Report by Political Correspondent Owain Phillips, produced by Katherine Clementine
Caroline Lewis lives in Milford Haven and has been forced to look for a new home after her landlord issued her with a Section 21 notice - but the number of second homes in the county means finding another place to live is difficult.
She told ITV Wales: "I've been looking at properties, phoning estate agents, speaking to friends locally - but I have nowhere to go."
Caroline, who has been told to leave the property by August 9, says Pembrokeshire County Council has been as "amazing as they can be".
"They've told me if I don't get into a council property I'll have to go into temporary accommodation and I won't be able to take my dog which is upsetting because I've had her for 12 years.
"So I will be homeless on August 9 if I don't find anywhere.
"When I first moved down here the prices were reasonable, you could find a property for £500-£600. Unfortunately since we've come out of the pandemic the prices have gone up 5%-20%.
"I'm a community carer and we don't earn a lot of money. What we do earn we use to pay our bills, pay our rent. So this is pricing us out of the market to find somewhere."
In her job as a carer, Caroline drives around 100 miles a day to visit her service users, whom she cares deeply about.
But now she's facing homelessness, seeing empty homes while she carries out her rounds adds insult to injury.
She said: "During the pandemic there was an online bidding war and the amount of holiday lets that have been purchased is phenomenal now. I can drive down one street in Saundersfoot and there's nine holiday lets and then you see the empty second homes. It's just very, very expensive.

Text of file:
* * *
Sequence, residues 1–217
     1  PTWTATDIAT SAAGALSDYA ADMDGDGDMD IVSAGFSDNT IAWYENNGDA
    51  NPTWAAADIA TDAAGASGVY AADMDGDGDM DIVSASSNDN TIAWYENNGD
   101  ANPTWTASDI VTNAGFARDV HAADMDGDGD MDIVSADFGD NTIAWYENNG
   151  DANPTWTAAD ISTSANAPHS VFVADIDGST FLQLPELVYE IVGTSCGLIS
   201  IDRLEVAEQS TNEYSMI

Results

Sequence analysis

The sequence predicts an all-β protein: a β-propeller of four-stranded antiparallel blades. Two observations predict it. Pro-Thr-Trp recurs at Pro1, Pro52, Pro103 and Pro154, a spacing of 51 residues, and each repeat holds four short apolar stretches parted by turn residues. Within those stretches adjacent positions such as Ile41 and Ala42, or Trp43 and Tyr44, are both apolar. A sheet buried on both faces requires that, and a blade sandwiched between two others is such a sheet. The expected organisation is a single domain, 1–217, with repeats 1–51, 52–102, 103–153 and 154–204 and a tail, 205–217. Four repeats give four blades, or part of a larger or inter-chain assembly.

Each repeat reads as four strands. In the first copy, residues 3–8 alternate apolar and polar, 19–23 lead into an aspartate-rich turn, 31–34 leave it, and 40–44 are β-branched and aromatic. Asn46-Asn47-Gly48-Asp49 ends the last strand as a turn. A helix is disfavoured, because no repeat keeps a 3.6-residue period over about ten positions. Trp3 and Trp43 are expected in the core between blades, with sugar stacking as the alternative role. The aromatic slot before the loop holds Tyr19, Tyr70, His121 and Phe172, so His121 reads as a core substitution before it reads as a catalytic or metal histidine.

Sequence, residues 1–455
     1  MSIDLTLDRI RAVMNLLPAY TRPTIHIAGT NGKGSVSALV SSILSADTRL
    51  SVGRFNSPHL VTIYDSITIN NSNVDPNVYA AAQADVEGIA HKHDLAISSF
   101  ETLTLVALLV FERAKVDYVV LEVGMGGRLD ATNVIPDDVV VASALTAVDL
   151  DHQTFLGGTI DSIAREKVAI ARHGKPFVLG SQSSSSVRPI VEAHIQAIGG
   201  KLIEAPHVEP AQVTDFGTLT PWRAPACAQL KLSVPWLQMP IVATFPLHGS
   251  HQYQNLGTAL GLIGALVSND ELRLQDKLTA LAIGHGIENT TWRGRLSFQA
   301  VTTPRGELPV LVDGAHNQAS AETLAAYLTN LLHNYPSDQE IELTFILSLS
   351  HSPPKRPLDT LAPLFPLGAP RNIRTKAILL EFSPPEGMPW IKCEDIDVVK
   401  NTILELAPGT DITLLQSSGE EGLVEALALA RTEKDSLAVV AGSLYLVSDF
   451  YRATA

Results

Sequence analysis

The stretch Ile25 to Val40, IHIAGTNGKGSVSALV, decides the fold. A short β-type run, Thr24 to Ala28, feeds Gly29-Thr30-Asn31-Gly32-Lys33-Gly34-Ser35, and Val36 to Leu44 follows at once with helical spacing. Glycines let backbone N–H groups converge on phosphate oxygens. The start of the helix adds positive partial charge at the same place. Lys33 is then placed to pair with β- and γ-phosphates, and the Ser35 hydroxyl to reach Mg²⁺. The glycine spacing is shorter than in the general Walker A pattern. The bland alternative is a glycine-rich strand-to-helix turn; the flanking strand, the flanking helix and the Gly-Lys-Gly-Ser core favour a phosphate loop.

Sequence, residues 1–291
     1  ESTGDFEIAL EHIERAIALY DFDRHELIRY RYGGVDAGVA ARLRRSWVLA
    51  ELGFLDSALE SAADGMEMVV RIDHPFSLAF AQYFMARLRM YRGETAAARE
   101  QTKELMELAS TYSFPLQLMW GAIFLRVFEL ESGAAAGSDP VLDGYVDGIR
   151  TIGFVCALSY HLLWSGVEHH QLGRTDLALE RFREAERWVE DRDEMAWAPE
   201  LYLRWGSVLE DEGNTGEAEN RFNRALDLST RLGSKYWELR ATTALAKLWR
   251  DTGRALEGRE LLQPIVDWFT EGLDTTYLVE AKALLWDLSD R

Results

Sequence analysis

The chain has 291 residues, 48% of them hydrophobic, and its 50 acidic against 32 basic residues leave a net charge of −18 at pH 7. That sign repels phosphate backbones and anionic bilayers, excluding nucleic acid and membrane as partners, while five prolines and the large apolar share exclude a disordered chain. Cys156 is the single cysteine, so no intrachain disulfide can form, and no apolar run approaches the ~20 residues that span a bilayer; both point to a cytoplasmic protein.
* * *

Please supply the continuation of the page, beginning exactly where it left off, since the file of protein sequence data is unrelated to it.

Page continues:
"We're not London and some of these properties are going for a quarter of a million pounds."
Caroline fears the impact the housing challenges are having on basic services in the area.
She said: "I think people are frustrated. When I spoke to Pembrokeshire Council they said there were about 1,500 households waiting to be housed and there are 200 people in temporary accommodation right now.
"People are upset that nothing has been done to cap the amount of properties that have been sold or second homes or holiday lets. Everyone has a right to do that. But what they're doing is they're stripping the communities of the locals. They're having to move somewhere else.
"It's breaking up families and communities and I think I think that's wrong."
Pembrokeshire Council says it's aware of then problems and is continuing efforts to increase its social housing stock.
'Crisis for care workers'
Carers provide a vital service - so given what she's going through, does Caroline feel valued?
She told ITV Wales: "I think my work is valued, I work with several vulnerable service users and there is a crisis for care workers.
"For me having to be uprooted, my service users rely on me throughout the day to make sure they can continue to live at home. It's a sad society that they're going to be punished and could lose that care.
"I don't want to leave because I love my job and I love the area that I live in."
The Welsh Government said it believes that everybody has a right to a decent, affordable home to buy or to rent in their own communities so they can live and work locally.
A spokesperson said: “We believe that everybody has a right to a decent, affordable home to buy or to rent in their own communities so they can live and work locally.
“We are committed to taking immediate and radical action using the planning, property and taxation systems to tackle the injustices in the current housing market, including the negative impact that second homes and unaffordable housing can have.
“We are putting in place a joined-up package of proposals to tackle the various problems this presents.
“We have already confirmed an increase to the council tax premiums councils can charge on second homes to 300% and have introduced new tax rules for holiday lets.
“We have also concluded a major consultation on proposed changes to the planning system which would give local authorities more control in managing numbers of second homes.”